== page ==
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Old 11th January 2013, 07:31 AM   #2671
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Quote:
Originally Posted by TimA View Post
I eventually settled on a circuit which shuts the amp down by reducing the power supply rails to almost nothing via small relays connected in the voltage regulator circuit of the power supply. It works like a dream and doesn't degrade the sound.

Tim.
Would you mind sharing the circuit? Sounds interesting to say the least.
Is the soultion fast enough for protecting the speakers on e.g. a dying rail?

Thanks, MArco
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Old 11th January 2013, 07:54 AM   #2672
mikelm is offline mikelm  England
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Quote:
Originally Posted by philpoole View Post
My JLH 96 has no capacitor, so I fitted fuses, assuming it would be a stop gap, and haven't gone back.
After a good year of occasional use, they haven't blown, and I doubt they are really impairing the sound (best amp I've owned!). When warm, the offset is typically around 20mV I guess (they've varied over time as I've tweaked the bias current).
You might like to try small ( 1uF ) film caps across the fuses - it might sound a little cleaner
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Old 11th January 2013, 11:48 AM   #2673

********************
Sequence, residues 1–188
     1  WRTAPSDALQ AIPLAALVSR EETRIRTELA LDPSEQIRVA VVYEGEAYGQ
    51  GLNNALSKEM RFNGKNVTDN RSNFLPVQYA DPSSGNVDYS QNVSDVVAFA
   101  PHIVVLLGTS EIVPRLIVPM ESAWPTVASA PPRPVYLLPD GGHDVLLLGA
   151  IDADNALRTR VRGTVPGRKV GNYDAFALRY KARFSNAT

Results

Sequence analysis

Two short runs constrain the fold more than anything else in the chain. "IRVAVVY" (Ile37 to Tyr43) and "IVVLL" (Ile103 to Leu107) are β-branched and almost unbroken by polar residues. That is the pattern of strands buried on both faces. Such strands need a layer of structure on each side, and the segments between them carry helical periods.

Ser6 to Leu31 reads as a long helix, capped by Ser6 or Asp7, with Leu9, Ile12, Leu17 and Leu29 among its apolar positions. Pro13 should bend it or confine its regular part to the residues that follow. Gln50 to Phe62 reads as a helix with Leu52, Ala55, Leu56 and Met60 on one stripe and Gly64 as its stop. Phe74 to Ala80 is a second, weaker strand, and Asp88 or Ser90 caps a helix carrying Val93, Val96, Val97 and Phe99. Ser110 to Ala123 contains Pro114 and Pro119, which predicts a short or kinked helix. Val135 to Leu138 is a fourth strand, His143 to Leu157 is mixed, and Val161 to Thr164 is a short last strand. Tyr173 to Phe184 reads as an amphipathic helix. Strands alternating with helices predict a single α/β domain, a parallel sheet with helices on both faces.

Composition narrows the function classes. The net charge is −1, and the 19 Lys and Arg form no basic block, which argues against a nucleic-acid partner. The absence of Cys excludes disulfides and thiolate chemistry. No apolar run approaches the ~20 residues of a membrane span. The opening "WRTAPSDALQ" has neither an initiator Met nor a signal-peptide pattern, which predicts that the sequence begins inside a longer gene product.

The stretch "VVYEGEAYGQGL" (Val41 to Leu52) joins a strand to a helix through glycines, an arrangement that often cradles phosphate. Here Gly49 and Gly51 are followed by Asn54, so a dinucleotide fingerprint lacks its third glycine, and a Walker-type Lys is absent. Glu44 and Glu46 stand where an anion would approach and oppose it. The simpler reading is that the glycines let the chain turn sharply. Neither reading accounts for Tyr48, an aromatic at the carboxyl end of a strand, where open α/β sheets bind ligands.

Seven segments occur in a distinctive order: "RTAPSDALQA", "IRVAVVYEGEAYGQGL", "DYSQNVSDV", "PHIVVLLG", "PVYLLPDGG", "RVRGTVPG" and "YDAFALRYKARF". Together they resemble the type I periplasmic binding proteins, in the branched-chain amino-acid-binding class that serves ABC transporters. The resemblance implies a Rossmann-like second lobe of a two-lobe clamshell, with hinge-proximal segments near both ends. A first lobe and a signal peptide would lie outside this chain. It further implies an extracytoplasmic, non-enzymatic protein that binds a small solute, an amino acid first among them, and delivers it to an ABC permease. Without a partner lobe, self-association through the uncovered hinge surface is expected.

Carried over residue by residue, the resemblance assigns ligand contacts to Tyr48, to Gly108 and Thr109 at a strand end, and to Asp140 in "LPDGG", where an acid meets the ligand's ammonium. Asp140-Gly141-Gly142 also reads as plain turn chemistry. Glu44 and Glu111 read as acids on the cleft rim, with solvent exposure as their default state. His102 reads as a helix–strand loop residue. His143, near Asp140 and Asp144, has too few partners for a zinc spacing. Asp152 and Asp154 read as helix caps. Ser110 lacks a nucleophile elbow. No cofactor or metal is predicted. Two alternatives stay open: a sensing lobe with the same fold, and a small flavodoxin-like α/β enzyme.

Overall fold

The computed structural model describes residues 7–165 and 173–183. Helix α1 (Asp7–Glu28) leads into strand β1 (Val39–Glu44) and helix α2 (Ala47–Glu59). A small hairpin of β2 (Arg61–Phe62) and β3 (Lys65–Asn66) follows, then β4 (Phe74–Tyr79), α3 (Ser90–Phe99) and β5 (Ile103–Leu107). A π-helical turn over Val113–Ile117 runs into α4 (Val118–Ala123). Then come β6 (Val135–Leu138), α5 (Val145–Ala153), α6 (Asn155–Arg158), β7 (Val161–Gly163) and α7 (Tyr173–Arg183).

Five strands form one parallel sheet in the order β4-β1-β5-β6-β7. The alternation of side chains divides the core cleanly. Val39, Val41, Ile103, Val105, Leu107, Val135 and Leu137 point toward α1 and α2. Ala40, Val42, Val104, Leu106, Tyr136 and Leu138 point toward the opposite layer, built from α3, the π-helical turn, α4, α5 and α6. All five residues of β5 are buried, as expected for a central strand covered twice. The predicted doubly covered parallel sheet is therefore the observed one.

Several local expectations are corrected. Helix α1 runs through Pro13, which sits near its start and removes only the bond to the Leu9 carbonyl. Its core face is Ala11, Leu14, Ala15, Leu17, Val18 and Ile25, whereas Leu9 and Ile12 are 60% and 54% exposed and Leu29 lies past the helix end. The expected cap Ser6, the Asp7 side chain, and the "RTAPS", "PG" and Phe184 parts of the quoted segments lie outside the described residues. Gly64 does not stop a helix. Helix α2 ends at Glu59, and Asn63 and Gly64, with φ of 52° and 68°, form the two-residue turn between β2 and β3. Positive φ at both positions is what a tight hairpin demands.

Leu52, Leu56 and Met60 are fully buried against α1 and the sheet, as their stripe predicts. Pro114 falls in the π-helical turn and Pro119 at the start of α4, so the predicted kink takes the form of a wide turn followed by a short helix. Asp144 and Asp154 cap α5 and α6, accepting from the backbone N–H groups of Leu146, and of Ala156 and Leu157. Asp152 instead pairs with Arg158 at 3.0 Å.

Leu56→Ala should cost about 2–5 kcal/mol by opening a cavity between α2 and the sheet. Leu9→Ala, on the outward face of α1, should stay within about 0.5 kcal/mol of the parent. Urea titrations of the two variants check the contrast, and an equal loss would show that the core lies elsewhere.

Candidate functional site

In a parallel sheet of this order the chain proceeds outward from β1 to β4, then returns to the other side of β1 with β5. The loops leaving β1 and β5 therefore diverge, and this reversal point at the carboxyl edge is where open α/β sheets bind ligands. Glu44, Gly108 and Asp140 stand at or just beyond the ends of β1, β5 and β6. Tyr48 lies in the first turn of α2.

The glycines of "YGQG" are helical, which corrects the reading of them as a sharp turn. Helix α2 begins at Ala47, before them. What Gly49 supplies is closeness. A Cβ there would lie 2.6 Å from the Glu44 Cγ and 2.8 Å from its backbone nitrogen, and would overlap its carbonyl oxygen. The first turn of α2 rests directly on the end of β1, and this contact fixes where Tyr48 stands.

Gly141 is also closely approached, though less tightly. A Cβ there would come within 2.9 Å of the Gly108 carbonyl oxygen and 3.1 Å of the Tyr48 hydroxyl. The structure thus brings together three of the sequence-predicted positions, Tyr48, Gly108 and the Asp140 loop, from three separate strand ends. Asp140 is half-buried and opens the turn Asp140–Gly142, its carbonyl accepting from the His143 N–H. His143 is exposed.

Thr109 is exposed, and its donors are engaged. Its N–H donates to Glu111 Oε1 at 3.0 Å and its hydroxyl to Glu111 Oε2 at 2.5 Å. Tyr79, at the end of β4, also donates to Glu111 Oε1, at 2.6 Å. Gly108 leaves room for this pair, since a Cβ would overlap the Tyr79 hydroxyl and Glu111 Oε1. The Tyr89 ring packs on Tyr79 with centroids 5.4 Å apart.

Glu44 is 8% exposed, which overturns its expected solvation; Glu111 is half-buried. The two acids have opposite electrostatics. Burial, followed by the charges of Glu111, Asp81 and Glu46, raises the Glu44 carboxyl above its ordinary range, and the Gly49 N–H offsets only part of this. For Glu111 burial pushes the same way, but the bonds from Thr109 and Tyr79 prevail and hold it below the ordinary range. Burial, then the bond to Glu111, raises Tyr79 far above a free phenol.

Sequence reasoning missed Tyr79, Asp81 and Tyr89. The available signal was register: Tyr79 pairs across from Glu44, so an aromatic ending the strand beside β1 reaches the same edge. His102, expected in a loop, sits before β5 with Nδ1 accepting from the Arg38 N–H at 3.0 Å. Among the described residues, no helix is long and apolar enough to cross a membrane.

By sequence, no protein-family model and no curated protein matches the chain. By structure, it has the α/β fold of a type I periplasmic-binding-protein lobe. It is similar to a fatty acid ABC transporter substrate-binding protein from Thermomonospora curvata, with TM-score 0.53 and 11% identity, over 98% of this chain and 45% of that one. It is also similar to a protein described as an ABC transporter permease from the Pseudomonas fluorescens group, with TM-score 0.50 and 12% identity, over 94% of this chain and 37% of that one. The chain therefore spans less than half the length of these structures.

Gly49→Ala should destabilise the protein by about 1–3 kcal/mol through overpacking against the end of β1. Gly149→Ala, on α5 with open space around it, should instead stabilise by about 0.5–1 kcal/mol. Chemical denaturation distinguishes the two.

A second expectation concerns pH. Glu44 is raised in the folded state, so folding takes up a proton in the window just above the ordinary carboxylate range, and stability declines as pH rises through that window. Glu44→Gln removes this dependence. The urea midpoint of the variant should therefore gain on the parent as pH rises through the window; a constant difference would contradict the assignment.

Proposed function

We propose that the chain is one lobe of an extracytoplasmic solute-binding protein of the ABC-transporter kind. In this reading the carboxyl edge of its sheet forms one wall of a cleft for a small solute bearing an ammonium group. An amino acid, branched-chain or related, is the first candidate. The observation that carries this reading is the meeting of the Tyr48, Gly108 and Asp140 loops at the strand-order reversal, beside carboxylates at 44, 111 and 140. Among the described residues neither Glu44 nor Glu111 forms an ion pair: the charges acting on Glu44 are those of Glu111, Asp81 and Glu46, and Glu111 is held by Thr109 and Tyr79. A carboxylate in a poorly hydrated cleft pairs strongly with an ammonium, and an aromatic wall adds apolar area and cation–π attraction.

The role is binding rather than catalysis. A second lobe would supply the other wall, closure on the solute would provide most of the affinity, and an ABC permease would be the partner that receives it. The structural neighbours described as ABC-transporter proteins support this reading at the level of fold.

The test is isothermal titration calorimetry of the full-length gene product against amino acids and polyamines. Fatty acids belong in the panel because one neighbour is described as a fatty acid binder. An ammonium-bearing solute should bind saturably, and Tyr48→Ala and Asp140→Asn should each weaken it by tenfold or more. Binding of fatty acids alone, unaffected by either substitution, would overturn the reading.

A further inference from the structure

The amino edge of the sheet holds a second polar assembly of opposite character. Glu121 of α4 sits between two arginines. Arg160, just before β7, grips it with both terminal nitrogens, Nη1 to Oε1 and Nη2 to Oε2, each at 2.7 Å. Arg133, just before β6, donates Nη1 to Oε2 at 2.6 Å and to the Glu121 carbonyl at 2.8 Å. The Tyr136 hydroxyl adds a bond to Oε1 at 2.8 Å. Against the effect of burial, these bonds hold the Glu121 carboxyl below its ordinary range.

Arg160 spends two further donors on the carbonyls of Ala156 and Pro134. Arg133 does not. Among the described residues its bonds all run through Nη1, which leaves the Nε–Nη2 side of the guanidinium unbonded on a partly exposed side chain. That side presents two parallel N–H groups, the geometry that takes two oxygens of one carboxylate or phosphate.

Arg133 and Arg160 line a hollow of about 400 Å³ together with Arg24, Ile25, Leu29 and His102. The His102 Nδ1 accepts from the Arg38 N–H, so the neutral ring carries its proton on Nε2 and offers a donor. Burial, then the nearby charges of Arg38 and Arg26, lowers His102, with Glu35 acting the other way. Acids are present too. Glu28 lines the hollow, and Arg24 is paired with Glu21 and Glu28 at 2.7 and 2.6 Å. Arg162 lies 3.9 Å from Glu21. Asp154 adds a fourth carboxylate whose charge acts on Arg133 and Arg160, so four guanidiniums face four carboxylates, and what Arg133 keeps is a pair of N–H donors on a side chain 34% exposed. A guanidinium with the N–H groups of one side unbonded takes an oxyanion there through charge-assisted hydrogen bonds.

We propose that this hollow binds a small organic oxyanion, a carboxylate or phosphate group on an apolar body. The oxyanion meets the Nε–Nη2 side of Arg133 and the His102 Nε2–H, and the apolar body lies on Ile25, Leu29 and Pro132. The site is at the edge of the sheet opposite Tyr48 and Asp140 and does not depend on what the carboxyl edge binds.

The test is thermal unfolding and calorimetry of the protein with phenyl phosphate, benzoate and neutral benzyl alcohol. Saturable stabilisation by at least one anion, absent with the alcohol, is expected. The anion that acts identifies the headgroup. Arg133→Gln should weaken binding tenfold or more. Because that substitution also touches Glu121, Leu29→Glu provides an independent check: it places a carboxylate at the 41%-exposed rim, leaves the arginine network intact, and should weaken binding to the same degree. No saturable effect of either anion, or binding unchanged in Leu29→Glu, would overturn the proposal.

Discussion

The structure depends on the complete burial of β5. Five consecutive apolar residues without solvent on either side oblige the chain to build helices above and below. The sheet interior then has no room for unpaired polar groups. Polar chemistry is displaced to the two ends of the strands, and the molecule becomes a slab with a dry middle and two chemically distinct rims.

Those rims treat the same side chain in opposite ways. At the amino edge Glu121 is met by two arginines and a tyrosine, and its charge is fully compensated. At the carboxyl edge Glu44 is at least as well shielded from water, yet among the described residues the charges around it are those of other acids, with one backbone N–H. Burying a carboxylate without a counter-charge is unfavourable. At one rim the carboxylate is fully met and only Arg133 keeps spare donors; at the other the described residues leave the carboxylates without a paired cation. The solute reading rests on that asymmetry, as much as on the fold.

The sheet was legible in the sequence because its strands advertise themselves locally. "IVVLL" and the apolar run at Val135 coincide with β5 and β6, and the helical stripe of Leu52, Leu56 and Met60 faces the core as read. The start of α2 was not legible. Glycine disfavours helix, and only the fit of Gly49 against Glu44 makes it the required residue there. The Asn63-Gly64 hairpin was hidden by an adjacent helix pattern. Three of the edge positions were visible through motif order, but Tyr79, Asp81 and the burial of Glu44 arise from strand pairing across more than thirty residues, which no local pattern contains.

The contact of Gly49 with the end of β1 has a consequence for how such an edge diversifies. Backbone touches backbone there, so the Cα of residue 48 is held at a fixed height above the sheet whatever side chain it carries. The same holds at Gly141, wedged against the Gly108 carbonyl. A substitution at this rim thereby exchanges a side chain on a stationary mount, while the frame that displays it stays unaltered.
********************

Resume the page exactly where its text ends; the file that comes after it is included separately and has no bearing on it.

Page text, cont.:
AndrewT is offline AndrewT  Scotland
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Originally Posted by mikelm View Post
You might like to try small ( 1uF ) film caps across the fuses - it might sound a little cleaner
A resistively damped HF bypass across the milli-ohms of connection resistances.
That's one I have not noticed before, but probably worth exploring.

The resistive damping is inherent in the fuse wire resistance and the fuse connector resistances, plus a little bit of trace resistances.


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Last edited by AndrewT; 11th January 2013 at 12:04 PM.
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Old 11th January 2013, 11:57 AM   #2674
mikelm is offline mikelm  England
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I wasn't thinking of resistively damped - just a 1uF film cap across the fuse
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Old 13th January 2013, 03:20 PM   #2675
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Quote:
Originally Posted by deduikertjes View Post
Would you mind sharing the circuit? Sounds interesting to say the least.
Is the soultion fast enough for protecting the speakers on e.g. a dying rail?

Thanks, MArco
Geoff Moss kindly provided me with the circuit. It is based on a standard detector circuit similar to that used in Rod Elliot's project 33 speaker protection circuit. It does not provide any time delay/muting at switch on.